The Journey of the Hunt
The adventure itself of a specific hunt, hunting season, or even the multiple years spent pursuing a particular animal or species of animal is special. It is not the kill, but the journey along the way, filled with challenges and obstacles that have been overcome is the true trophy here. I think about the specific challenges that each of my hunts has presented and what I had to do to overcome or be overwhelmed in those challenges. I think about specific turkeys that I have hunted that took multiple hunts and some multiple years to harvest. There was a turkey we called Crazy that many of us hunted for three years before I was fortunate enough to kill him. However, when I look at his fan mount in my living room, I don’t see just a kill, but all those memories spent chasing him. For some it was the journey to harvest their first buck or even their first Boone and Crocket buck. Whatever the case our hunting adventures, good or bad, seem to be the stories that are told year after year and passed down from generation to generation. These journeys are what bring us back to the woods year after year.
The Joy of the Harvest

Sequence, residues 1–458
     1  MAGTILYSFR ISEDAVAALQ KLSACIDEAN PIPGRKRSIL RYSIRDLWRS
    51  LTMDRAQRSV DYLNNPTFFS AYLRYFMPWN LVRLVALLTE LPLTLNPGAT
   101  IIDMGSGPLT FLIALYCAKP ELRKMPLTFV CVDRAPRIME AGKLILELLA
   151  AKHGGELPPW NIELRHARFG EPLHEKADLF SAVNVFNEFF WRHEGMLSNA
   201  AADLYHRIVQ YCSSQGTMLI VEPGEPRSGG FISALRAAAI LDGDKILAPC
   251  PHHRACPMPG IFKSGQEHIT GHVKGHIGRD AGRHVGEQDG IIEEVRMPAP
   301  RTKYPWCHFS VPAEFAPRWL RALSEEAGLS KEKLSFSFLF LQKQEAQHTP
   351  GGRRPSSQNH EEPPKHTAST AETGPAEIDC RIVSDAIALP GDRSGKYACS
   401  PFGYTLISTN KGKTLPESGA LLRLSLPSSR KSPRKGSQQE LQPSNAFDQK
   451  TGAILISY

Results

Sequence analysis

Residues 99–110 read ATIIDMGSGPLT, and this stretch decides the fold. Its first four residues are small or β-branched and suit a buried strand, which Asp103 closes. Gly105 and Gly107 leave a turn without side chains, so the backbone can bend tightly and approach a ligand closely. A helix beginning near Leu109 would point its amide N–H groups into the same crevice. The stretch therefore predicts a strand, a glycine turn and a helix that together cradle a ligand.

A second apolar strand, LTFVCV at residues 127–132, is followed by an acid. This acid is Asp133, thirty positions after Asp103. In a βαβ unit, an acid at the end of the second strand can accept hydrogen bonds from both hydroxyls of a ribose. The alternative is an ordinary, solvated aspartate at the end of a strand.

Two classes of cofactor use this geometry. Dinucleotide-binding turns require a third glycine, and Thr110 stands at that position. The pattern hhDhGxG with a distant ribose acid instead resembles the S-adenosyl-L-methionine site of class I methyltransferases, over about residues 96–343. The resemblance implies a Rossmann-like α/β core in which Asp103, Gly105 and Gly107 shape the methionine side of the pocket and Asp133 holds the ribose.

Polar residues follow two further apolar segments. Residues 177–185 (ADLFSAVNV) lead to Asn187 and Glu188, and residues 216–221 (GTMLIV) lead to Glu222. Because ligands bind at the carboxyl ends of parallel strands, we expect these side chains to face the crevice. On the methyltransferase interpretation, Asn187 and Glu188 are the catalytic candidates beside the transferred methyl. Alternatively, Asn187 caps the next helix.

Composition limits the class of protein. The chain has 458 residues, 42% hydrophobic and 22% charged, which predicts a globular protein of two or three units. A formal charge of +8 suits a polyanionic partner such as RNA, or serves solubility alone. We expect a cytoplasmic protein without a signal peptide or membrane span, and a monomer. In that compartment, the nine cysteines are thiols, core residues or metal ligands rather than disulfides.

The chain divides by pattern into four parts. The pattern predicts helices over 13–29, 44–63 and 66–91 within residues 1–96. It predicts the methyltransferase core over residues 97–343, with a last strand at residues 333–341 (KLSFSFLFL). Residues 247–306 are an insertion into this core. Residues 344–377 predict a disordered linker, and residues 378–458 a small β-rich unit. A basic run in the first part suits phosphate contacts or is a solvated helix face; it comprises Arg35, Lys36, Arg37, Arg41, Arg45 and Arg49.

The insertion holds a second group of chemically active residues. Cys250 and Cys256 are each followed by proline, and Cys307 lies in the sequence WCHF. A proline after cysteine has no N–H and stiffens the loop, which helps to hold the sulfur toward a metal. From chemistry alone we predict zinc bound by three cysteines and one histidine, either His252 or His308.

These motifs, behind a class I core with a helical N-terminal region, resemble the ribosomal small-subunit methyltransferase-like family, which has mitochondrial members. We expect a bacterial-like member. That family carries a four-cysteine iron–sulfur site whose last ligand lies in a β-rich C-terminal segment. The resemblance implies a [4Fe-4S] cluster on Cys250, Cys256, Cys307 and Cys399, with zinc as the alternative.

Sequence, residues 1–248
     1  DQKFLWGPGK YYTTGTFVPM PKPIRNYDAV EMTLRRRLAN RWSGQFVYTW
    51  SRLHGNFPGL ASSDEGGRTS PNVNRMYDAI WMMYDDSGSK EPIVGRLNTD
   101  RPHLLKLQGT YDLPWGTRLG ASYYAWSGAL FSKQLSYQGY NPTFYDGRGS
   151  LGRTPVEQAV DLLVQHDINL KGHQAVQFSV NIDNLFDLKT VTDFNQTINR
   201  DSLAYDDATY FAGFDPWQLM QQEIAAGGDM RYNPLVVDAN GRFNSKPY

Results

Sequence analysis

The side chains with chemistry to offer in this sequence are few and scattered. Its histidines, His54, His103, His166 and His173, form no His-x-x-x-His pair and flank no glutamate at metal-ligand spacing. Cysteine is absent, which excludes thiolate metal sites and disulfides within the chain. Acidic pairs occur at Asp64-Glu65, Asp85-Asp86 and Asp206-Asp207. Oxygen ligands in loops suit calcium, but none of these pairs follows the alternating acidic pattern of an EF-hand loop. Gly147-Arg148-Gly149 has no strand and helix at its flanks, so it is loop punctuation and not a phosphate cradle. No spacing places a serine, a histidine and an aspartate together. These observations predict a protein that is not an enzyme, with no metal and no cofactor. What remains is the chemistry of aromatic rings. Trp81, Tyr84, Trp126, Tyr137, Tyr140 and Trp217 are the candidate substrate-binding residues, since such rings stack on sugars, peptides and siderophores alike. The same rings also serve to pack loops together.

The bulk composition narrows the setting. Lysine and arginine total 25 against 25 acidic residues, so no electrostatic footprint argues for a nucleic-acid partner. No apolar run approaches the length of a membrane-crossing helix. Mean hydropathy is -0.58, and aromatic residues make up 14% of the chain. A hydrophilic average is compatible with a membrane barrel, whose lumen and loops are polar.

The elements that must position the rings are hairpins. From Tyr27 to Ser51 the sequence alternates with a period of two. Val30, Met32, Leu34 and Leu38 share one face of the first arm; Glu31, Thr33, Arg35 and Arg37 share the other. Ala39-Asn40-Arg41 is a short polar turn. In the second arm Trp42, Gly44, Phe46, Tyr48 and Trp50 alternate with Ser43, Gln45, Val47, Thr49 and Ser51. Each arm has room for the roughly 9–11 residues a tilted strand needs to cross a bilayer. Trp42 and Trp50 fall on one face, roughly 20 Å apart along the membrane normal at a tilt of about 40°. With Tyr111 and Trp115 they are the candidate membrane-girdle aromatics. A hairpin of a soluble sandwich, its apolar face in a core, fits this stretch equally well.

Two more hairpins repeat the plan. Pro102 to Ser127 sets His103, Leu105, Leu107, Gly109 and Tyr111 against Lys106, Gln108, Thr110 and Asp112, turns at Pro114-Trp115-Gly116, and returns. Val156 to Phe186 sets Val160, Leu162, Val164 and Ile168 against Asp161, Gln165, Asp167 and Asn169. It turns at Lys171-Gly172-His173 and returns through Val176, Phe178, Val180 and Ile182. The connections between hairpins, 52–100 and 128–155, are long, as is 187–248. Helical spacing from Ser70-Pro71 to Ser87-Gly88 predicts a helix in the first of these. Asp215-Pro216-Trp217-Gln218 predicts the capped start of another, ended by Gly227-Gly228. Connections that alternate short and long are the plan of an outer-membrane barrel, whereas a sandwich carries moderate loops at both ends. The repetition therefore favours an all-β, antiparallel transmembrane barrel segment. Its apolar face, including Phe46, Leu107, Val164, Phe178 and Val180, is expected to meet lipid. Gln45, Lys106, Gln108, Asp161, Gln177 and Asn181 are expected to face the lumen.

This idea is most likely the easiest to explain. The feeling of joy that runs through ones body after harvesting a trophy is electrifying; the harvested trophy being in the eyes of the beholder. I think the best way to illustrate this feeling of bliss is by sharing with you the emotions of a little seven-year-old girl and her dad that I recently took hunting. As two young bucks walked out directly in front of the shoot house the nervous little girl and an even more nervous dad struggled to get on one of the bucks. However, since the deer were so close she could not get her gun lowered enough out of the shoot house window even with her standing on her tiptoes. The deer finally spooked and ran out a lane to the left of our Tecomate food plot and stopped about 100 yards from us. Her dad crawling around the shoot house trying to get his little girl into position was a sight to see. Leighton’s dad was telling her to shoot, Shoot, SHOOT! Finally she squeezed off a Remington Managed Recoil round out of her 7mm-08 and dropped him in his tracks. YOU GOT HIM!! The hugging and high-fiving began. The excitement and joy in that shoot house was so thick you could have cut it with a knife. The smiles and laughter that was all over these duo’s faces explain best the joy experienced in a harvest. I believe for most hunters this is the feeling that brings us back to the woods year after year. Moreover, if this feeling were ever extinguished, hunting would lose its appeal forever.